“There’s not so much, I don’t know, meanness, like in football,” says Bonnie “BJ” Reerink, who goes by BJ because her best friend is also Bonnie — Bonnie Tuttle, aka Bon Bon, who is sitting right beside her tonight.
Says BJ: “Football is good, but they aren’t happy unless they break the other guy’s leg.”
Bon Bon nods in agreement.
But volleyball isn’t like that, BJ and Bon Bon think.
It is easier to follow volleyball, the residents say. It’s easy to identify with the players, many of whom are Nebraskans and many of whom seem to the residents to be the nicest young women you could ever hope to meet.
Volleyball feels throwback, they think. Volleyball feels like a truly amateur sport.
Lest you think this is somehow just the opinion of the elderly, walk into DJ’s Dugout just in time for the third set — for what turns out to be the beginning of an epic Husker volleyball comeback in the NCAA semifinals.
The Millard sports bar is packed with people wearing red. A few are Kansas City Chiefs fans, and the Chiefs-Chargers game is on a few televisions.
But those televisions are turned to mute. Tonight, the mighty NFL takes a backseat.
Tonight, this is a Husker volleyball bar, and every time Nebraska scores a point the crowd in here roars so loud you can hear ’em from the parking lot.
Andy Auch Moedy sits at one of the tables here, same as he has dozens of times in the past decade. Not so long ago, he knew zip about volleyball. But then his daughters starting playing it, and the family started going to Husker matches in Lincoln. Even after his daughters graduated from high school, he and his wife stayed hooked on the sport. Tonight they are here sitting at a long table with their college-age kids, their friends and their friends’ kids.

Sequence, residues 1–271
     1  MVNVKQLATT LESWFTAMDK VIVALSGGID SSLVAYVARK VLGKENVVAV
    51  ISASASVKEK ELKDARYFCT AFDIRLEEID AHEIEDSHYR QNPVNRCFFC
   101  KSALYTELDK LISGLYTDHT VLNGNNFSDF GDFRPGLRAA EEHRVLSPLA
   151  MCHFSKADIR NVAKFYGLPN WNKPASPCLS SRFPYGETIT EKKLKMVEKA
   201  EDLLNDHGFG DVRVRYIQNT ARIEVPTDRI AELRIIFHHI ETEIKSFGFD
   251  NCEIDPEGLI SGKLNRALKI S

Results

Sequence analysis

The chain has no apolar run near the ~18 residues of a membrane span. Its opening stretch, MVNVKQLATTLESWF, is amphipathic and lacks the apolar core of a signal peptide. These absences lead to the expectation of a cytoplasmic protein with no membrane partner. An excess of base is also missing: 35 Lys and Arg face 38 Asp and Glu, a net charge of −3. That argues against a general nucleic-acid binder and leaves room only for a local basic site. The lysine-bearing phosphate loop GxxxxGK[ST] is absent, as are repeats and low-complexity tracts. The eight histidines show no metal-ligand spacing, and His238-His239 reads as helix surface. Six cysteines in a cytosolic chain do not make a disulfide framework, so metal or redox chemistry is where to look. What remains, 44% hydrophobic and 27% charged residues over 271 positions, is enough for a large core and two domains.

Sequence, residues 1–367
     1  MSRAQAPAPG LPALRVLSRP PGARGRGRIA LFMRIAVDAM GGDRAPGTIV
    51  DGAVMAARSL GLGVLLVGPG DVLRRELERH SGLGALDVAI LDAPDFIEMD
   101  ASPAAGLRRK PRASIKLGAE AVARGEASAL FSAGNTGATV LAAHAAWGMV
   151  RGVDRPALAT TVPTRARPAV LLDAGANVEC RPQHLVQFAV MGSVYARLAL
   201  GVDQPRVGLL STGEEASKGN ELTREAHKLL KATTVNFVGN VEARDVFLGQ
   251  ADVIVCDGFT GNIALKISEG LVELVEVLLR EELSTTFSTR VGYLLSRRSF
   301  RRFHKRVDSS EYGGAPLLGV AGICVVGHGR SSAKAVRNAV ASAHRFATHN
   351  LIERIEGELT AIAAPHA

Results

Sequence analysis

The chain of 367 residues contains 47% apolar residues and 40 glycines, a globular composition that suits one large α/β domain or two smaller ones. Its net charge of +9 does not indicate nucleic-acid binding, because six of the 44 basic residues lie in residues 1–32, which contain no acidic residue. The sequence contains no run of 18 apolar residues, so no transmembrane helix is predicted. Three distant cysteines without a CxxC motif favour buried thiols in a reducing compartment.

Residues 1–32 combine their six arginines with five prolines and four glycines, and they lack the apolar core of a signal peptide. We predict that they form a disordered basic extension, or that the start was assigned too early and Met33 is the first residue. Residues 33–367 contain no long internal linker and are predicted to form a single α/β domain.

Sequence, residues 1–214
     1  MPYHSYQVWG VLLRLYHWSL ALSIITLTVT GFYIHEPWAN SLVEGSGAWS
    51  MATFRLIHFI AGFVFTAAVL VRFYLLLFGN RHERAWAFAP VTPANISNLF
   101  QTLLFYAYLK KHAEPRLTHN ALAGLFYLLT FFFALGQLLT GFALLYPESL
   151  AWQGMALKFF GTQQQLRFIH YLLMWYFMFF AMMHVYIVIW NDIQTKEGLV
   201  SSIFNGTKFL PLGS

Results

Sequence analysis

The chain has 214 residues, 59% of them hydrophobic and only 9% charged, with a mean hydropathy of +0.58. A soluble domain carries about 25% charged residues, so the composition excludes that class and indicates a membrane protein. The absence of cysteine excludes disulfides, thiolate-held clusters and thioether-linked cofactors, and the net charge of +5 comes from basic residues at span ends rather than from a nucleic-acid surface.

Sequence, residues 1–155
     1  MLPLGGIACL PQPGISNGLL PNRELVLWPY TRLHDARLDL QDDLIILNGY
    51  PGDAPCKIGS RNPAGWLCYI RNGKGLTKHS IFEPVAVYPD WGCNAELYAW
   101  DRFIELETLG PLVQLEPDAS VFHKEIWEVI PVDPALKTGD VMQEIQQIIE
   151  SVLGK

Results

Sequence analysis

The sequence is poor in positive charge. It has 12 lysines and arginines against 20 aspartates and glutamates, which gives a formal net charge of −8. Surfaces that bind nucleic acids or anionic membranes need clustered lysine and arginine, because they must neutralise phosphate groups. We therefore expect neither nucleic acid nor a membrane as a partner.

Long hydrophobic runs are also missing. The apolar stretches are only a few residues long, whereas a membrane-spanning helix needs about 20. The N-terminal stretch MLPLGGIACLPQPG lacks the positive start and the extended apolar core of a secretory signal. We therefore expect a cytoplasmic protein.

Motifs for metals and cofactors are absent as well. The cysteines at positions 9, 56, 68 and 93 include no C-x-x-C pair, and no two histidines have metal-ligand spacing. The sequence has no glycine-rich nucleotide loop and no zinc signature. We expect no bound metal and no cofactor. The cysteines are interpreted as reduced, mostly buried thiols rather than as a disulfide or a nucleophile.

“I used to watch football with my dad,” Andy says. “Now I watch volleyball with my daughters.”
It’s interesting to note that many of the people at DJ’s Dugout tonight cheering their lungs out for the Nebraska volleyball squad are men. And while that shouldn’t be strange, it is.
A strict gender line still exists in sports, and men, especially, enforce it by watching men’s golf over women’s golf and men’s basketball over women’s basketball.
There are only a few exceptions. Nebraska volleyball is one of those exceptions.
Andy can name all sorts of reasons for this. The volleyball team wins, again and again, and has since Terry Pettit started the volleyball dynasty in the 1980s. Club volleyball and high school volleyball are both huge in Nebraska, drawing many players and their parents into the sport. And, I mean, have you ever actually sat down and watched a women’s volleyball match?
It’s fast-paced! It’s action-packed! It’s dripping with drama for five sets!
Speaking of drama: Nebraska is mounting its comeback now, and Andy would rather watch the big screen than explain any further.
“I don’t know,” he says finally, running out of reasons this bar is losing its mind during a volleyball match. He turns his palms face up, and shrugs. “I guess Nebraska is just a volleyball state.”